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I know running a validator currently requires upwards of 20 GB of disk space. How about bandwidth?

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Just checked, NetHogs shows me ~30 KB/sec upload and ~40 KB/sec download for my stellar-core instance (validator without archiver role).

  • 1
    Sounds about right. My instance in downloading/uploading around 2.5/3GB per day. – Francesco Jan 22 '18 at 20:42
  • Could you do me a favor and also check the current DB size of horizon? If it's not too much trouble I would also love a snapshot of the table index sizes (see stellar.stackexchange.com/questions/1637/…). I am trying to determine required disk space + RAM for our full validator + horizon nodes. I was told Horizon currently needs 300GB disk space already. So I am leaning towards a 12TB drive for the DB to not have to deal with low disk space it for a while. Curious about RAM as well as I'd prefer to load all indexes to memory easily. – marcinx Sep 16 '18 at 13:47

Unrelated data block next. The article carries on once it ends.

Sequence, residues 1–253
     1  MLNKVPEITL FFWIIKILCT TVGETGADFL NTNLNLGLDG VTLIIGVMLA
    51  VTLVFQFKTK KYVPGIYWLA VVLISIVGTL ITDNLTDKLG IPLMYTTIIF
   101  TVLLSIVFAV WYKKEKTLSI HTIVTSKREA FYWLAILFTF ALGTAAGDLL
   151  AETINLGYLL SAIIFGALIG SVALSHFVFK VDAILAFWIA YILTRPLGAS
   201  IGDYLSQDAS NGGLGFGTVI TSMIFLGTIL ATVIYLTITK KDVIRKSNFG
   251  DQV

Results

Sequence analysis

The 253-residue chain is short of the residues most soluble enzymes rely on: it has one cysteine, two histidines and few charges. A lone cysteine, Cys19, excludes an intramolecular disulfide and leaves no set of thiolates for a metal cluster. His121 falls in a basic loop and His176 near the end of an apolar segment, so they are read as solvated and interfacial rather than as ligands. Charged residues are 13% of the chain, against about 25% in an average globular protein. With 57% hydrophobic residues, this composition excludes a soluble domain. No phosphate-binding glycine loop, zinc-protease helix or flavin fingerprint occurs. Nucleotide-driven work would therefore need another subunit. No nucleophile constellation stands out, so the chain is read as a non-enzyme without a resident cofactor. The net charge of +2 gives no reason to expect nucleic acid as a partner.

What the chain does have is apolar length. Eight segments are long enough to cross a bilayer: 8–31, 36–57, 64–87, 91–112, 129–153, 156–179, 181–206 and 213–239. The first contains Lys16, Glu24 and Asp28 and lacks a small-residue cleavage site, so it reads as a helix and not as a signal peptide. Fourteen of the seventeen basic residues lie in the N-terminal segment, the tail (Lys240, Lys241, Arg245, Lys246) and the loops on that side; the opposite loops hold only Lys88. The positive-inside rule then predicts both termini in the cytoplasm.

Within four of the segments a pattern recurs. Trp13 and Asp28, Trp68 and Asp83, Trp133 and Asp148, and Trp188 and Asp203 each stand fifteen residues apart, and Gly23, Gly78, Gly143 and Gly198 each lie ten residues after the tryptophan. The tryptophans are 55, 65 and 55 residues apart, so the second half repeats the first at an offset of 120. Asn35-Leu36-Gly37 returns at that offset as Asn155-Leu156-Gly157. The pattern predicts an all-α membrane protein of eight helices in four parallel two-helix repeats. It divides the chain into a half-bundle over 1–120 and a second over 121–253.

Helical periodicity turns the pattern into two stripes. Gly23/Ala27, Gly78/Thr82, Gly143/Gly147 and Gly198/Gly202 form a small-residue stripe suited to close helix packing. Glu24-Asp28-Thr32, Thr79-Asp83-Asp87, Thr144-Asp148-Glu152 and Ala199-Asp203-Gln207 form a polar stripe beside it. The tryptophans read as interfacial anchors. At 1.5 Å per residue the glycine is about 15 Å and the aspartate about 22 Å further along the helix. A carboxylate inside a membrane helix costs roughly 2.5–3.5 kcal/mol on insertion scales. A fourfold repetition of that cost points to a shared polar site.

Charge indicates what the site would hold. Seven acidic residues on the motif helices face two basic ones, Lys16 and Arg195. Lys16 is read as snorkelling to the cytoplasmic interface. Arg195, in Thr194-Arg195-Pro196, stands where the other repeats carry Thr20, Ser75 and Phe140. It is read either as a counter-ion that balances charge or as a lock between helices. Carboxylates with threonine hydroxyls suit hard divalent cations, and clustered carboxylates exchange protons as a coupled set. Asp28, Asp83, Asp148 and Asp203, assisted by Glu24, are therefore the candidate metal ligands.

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Take a look at the bandwidth usage of my Stellar Core v9.1.0 validating instance (not writing to any history archive) for 6 hours after startup:

Bandwidth

RAM usage increases over time. At least 2GB is a requirement, otherwise you'll have to restart your node continuously.
CPU usage varies. While 1 virtual thread of a VPS is generally sufficient, Stellar Core will take advantage of up to 31 hardware threads2.
For non-archiving validators, disk IO is minimal, while archiving ones usually publish to another host. An SSD drive does the job, anyway.

1 The peer connections and the history system are all in their own thread, and the main logic all takes place in one thread. (source)
2 Many Intel processors have a feature called hyper-threading, which allows for more than 1 software thread to be executed on a given core at the same time. For example, a processor on which each core can execute 2 such threads in parallel is said to have 2 hardware threads per core. On processors without this feature the total number of hardware threads equals the number of cores.

  • Interesting, your bandwidth is significantly higher than the accepted answer's. – Eric Jan 30 '18 at 15:49

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